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Wood, Paper, Printing

Study on competitiveness

"Competitiveness of the European graphics industry - prospects for the EU printing sector to respond to its structural and technological challenges" - published in 2007

The Directorate-General for Enterprise and Industry of the EuropeanCommission entrusted a study regarding the international competitiveness of the European graphics sector to the research institute Ernst & Young. The study brought together sector professionals, trade-union organisations and the industry at large for workshops in London, Milan, Frankfurt and Paris, focusing on industrial aspects, in addition to ones in Grenoble on technology, and Brussels on strategic directions. The initial recommendations by the consultants and the study's steering committee were further validated by a series of 35 interviews with European experts from the sector.

A local business on a global market

The European graphics industry is mainly composed of family-owned SMEs. The vibrant international context and the emergence of new areas of production in the Eastern hemisphere have significantly altered trade flows in printed goods, necessitating a thorough review of the European graphics industry in the light of its need to face its new and aggressive competition. Notably, the Chinese graphics industry, with strong exports and internal demand, is enjoying a double-digit growth rate, and is becoming a redoubtable competitor in certain market segments.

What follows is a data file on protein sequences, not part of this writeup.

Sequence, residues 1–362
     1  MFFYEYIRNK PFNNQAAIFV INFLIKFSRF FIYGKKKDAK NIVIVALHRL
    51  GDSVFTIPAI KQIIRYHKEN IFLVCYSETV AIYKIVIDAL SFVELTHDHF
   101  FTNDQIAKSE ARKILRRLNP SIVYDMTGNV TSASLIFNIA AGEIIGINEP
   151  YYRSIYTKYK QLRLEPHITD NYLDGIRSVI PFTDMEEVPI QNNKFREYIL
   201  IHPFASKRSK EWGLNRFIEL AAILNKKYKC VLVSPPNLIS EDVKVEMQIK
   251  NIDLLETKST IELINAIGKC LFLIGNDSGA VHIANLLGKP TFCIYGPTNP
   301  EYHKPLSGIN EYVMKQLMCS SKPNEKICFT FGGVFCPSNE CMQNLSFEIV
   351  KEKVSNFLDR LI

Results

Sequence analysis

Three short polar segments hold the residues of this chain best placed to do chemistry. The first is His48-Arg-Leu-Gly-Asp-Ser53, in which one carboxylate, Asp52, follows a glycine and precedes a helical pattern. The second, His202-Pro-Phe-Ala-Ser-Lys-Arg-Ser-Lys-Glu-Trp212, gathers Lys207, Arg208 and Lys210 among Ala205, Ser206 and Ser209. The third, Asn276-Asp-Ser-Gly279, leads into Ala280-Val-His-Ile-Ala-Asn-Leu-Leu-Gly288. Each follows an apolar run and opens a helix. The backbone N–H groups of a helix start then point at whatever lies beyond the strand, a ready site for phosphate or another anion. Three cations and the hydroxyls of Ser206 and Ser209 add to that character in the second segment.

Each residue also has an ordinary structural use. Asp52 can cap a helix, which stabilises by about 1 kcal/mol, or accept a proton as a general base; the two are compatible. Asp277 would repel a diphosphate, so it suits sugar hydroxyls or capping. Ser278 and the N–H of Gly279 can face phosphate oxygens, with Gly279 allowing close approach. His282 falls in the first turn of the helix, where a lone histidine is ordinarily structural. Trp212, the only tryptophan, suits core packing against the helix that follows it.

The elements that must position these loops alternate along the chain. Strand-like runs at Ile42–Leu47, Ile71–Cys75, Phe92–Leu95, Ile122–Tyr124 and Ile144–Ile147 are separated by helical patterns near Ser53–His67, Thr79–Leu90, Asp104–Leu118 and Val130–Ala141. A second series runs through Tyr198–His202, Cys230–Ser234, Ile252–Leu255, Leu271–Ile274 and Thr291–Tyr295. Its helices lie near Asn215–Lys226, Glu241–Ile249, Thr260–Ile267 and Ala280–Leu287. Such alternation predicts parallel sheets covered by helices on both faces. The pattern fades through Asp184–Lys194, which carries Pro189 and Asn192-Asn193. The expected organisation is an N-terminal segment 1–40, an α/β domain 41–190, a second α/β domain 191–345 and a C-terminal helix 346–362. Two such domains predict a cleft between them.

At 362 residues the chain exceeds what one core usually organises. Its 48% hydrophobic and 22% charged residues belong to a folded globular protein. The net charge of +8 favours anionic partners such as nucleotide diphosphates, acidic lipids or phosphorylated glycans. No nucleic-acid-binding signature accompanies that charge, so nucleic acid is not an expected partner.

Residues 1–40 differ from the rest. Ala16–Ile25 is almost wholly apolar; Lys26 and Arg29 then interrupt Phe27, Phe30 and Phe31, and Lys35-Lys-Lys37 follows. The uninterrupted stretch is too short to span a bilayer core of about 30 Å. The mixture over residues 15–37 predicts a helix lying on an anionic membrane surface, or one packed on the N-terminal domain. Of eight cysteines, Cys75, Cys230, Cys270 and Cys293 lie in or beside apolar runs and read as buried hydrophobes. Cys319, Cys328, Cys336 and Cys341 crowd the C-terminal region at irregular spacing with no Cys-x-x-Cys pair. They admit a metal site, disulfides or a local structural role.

From structural challenges to technological opportunities

The most evident structural challenge for the European graphics industry is the existence of too many small and under-capitalised enterprises, with a strategy which is too often centred on an investment policy geared to increased productivity, thereby generating increased capacity. Investment is also driven by developments in technology which have taken place over the last decade and which have introduced radical changes in market and consumer expectations for printed products. New technologies have also created new needs linked to the increasing amalgamation of services. They lead the traditional printing trade to diversify, use other media, or even switch to offering entirely online services.

Environmental protection can make a difference

With an increasing focus on global services as opposed to the product itself, environmental protection becomes a key differentiator. Even if significant divergence in terms of legal context persists within the 27 EU member states, Europe remains a leader in environmental performance. This creates a new possibility: the relentless legislation imposed over the past few years - often presented as being responsible for endangering the competitiveness of the European graphics industry - may in the future become one of its main assets.

An action plan which is both pragmatic and ambitious

The conclusions of the study present progressive yet readily applicable solutions with a view to helping European printers increase profit margins, refine their investment policy, achieve well thought through improvements in productivity and gain a foothold in value-added segments while focusing on environmental issues to improve the image of the sector. These actions need to be well timed, and the efforts of the graphics industry will require the support of decision-makers at European level, ensuring that the impact on regulation is systematically assessed.

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